Just when we all thought the game was over, a vintage Ray Allen 3-pointer with 5.2 second left in regulation, catapults the game into overtime where the Miami Heat defeat the San Antonio Spurs 103-100; forces a Game 7 (Friday June 21 11:00am, AEST).
However, if you were to look up the word ‘vintage’ in the dictionary, there would be a picture of Tim Duncan and his first half performance. At the mid-way point, Duncan had 25 points (11/13 FGs), 8 rebounds, and was 3 of 4 at the free throw line.
Tim finished with a team-high 30 points (13/21 FGs), 17 rebounds (5 offensive) and 1 steal.
After another slow start (3/12 FGs), LeBron James finished the elimination game with 32 points (11/26 FGS), 10 rebounds, 11 assists, 3 steals and 1 block; James also had a game-high 50 minutes.
James joined Charles Barkley, James Worthy, and Jerry West, as the only players in NBA history to have at least 30 points, 10 rebounds and 10 assists in an NBA Finals game.
Down by 10 to start the fourth, Miami rallied back with an 8-2 run; this was fueled by LeBron’s 16 points in the last quarter.
Mario Chalmers was critical scoring 20 points, 4 rebounds and 2 assists (4/5 3FGs).
Tony Parker wasn’t his normal efficient-self, he was a horrible 6/23 from the floor with 19 points, 3 rebounds, 8 assists, 2 steals and 0 turnovers. Parker did manage to get to the line 7 times and connected on 6 of them.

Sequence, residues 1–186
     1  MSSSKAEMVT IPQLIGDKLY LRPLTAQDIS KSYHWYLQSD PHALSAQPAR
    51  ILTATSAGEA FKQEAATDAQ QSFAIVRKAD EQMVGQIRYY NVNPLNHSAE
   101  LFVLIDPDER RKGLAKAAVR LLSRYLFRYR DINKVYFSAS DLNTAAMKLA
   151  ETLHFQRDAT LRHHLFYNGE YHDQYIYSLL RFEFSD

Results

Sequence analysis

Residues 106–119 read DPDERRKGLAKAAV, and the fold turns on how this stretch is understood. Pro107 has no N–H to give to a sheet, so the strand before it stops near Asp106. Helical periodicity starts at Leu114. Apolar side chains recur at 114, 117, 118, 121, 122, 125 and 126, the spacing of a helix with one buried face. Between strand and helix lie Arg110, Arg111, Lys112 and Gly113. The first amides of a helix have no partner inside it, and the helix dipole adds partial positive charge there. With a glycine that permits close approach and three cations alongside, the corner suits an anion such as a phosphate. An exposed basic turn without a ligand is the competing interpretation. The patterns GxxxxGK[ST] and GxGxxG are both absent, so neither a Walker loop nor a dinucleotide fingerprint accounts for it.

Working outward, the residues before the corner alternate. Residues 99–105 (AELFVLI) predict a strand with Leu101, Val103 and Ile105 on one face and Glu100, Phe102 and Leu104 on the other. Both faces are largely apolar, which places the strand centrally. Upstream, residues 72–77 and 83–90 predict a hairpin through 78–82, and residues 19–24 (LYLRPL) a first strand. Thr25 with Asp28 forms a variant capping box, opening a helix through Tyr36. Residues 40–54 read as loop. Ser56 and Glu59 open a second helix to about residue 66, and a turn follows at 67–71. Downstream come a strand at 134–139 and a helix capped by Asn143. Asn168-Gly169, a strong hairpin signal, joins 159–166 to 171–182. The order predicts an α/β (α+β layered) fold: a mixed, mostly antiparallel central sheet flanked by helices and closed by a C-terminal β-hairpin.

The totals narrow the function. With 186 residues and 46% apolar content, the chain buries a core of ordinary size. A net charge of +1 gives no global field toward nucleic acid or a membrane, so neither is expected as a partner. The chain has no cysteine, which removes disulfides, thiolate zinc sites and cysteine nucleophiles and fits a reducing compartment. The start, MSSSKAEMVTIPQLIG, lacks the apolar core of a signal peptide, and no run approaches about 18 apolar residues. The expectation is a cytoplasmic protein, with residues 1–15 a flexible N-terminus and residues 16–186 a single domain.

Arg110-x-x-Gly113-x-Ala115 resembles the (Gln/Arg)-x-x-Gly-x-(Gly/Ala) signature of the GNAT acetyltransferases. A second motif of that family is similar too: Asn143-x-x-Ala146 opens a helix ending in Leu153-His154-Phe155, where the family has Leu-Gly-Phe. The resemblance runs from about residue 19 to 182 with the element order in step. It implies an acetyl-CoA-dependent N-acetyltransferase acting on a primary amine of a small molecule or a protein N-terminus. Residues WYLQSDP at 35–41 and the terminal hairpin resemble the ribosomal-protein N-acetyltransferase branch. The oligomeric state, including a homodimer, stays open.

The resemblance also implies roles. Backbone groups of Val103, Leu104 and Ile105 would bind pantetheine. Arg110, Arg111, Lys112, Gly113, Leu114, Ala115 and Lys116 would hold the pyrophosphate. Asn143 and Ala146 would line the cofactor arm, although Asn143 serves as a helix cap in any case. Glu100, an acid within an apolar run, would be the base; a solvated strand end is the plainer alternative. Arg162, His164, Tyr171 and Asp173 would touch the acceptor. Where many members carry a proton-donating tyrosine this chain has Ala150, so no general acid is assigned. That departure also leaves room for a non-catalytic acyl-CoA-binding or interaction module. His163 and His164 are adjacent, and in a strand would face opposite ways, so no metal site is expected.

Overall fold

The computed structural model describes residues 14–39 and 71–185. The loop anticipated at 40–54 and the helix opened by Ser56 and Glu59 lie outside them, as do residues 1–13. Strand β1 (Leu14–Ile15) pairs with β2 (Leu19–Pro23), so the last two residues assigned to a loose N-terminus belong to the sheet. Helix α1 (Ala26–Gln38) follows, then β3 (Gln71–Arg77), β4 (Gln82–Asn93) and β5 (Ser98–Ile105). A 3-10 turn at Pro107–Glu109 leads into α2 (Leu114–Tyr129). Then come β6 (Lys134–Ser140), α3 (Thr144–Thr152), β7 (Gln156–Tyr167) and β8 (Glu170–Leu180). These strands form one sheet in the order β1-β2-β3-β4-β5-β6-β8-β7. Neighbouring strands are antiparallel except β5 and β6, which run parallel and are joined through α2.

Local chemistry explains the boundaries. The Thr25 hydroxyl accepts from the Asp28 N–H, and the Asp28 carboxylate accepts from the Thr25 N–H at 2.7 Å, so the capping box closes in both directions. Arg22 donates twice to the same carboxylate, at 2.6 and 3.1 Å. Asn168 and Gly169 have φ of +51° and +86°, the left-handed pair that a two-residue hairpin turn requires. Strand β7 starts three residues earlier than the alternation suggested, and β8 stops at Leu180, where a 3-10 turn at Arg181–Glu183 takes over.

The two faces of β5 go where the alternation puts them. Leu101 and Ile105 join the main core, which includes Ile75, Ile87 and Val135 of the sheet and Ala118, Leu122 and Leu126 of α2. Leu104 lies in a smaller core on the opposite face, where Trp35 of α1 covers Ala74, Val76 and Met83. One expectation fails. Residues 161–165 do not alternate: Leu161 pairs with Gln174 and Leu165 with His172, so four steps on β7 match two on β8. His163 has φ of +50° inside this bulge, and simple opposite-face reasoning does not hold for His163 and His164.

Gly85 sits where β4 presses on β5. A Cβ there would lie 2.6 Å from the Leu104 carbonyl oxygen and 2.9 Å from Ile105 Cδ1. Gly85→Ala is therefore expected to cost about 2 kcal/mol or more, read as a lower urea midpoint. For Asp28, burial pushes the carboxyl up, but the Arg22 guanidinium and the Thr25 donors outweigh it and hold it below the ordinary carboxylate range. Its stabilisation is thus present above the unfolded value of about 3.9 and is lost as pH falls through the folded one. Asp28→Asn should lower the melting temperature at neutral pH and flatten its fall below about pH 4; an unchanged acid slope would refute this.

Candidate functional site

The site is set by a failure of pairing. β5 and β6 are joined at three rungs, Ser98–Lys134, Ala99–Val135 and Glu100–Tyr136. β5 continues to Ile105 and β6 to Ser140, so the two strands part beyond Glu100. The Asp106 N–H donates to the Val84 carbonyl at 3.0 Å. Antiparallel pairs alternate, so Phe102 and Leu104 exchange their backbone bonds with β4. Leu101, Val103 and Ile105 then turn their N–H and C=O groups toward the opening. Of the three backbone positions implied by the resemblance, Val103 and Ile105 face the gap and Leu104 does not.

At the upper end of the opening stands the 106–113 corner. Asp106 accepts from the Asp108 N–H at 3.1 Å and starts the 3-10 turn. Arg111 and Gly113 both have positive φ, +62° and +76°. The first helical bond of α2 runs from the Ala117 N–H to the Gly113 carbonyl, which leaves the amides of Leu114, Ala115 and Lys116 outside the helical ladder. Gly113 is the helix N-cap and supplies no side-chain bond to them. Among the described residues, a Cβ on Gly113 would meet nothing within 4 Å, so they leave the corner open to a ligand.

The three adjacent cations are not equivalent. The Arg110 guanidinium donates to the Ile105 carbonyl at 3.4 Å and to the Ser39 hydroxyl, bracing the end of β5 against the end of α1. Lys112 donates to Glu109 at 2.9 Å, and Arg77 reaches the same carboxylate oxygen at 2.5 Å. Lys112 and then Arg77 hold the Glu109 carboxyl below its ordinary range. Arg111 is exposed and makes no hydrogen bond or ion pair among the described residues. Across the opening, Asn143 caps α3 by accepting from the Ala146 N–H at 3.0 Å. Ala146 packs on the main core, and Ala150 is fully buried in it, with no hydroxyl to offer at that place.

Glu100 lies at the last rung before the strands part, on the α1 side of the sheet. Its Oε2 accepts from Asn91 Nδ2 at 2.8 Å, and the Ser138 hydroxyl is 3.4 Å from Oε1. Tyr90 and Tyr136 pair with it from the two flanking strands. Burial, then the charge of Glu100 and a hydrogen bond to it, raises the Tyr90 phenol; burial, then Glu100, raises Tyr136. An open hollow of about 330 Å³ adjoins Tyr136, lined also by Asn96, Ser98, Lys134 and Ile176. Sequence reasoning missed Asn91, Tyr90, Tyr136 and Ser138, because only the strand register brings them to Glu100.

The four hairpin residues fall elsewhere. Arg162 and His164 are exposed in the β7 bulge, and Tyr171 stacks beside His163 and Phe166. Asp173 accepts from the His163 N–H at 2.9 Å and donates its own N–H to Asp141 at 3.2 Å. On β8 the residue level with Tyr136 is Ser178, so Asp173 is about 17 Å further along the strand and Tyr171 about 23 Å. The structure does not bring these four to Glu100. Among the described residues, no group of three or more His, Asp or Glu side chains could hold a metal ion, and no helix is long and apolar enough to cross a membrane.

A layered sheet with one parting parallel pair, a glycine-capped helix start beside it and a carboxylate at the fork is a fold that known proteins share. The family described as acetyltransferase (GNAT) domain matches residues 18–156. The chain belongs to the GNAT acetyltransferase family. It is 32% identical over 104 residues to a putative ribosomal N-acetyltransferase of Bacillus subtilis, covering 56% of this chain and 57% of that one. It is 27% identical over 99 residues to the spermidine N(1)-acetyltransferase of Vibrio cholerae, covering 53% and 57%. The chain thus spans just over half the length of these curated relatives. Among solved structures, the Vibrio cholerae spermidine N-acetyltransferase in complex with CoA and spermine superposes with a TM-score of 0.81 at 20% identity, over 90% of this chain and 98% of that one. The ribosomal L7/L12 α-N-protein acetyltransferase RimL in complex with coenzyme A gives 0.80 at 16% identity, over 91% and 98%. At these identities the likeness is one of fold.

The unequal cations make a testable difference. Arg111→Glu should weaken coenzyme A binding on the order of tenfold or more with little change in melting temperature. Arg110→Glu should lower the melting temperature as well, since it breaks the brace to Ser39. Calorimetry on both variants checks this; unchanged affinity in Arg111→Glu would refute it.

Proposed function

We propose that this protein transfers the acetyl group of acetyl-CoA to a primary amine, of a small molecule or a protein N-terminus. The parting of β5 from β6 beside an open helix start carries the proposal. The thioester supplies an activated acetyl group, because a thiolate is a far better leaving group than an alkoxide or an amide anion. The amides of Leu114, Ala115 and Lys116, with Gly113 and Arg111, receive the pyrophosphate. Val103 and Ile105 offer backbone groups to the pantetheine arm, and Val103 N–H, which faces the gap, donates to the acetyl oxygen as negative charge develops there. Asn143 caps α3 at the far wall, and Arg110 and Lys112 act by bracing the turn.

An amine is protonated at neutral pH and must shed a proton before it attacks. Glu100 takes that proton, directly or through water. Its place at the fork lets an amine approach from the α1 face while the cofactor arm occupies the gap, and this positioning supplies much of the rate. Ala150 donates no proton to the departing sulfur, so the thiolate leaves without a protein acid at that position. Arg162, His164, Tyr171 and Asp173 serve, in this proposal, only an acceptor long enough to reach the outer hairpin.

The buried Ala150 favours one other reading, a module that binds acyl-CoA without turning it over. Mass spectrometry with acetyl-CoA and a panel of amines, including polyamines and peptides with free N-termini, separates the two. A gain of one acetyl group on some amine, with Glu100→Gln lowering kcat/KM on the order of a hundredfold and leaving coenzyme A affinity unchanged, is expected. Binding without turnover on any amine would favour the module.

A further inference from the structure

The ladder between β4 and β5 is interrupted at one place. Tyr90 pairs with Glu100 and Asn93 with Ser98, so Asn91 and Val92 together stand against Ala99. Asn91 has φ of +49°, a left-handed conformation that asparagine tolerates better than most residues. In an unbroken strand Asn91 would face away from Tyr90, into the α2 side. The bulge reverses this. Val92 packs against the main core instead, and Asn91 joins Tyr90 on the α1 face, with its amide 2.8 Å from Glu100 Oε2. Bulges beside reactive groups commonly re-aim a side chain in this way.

After banking his first 3, Shane Battier came alive; he had 9 points on 3 of 4 from deep.
Dywane Wade floated in and out of the game, he wasn’t as effective as he was in Games 4 and 5; with just 14 points (6/15 FGS), 4 rebounds, 4 assists and 2 blocks).
Kawhi Leonard was again unreal, 22 points (9/14 FGs), 11 rebounds and 3 steals.
Chris Bosh added 10 points and 11 rebounds, 2 assists, 3 steals and 2 blocks. Bosh had the clutch offensive rebound that led to Ray Allen’s massive corner 3; not to mention his two vital blocks in overtime on Parker and Green.
Manu Ginobili didn’t play like he did in Game 5. He finished the night with 9 points, 4 rebounds, 3 assists, 1 steal and 8 turnovers. He was devastated after the loss, particularly with his career-high turnovers.
Both teams exploded out of the blocks. Each side ran a signature play to open their scoring; Chris Bosh at the elbow, and Tim Duncan nailing a bank shot.
In the first quarter they traded buckets and both teams showed off with some highlight plays.
Leonard and Duncan carried the Spurs offensively in the first quarter. The 21-year old Leonard delivered 8 points in the first 6:10. This consisted of a 3-point play and a 3-pointer; yet none better than his dunk on Mike Miller.
Tim Duncan showed viewers he was hungry for his 5th NBA title. Duncan was 6/6 from the floor, with 12 points and 3 rebounds at the end of the first.
LeBron James was busy early with 5 points and 5 assists in the first 4 minutes. However, it was Mario Chalmers who kept Miami rolling as Duncan and Leonard were getting it down in the paint. Mario had just 13 points in games 3, 4 and 5; in Game 6 he had 10 points in the first quarter, and shot 4/5 from the floor.
Even though the Spurs shot 61% in the opening quarter Miami had a 27-25 lead thanks to 4, second chance shots.
Duncan continued his clinic in the second quarter, and finished the half with a career-high in NBA Finals for points in a half; he unleashed bank shots, dunks, half-court post-ups, semi-transition post-ups, offensive put backs, you name it. Even with Miami hitting 5 of their first 7 shots from deep, the Spurs closed the half on a 17-4 run, with Timmy D scoring the last 13 straight for San Antonio.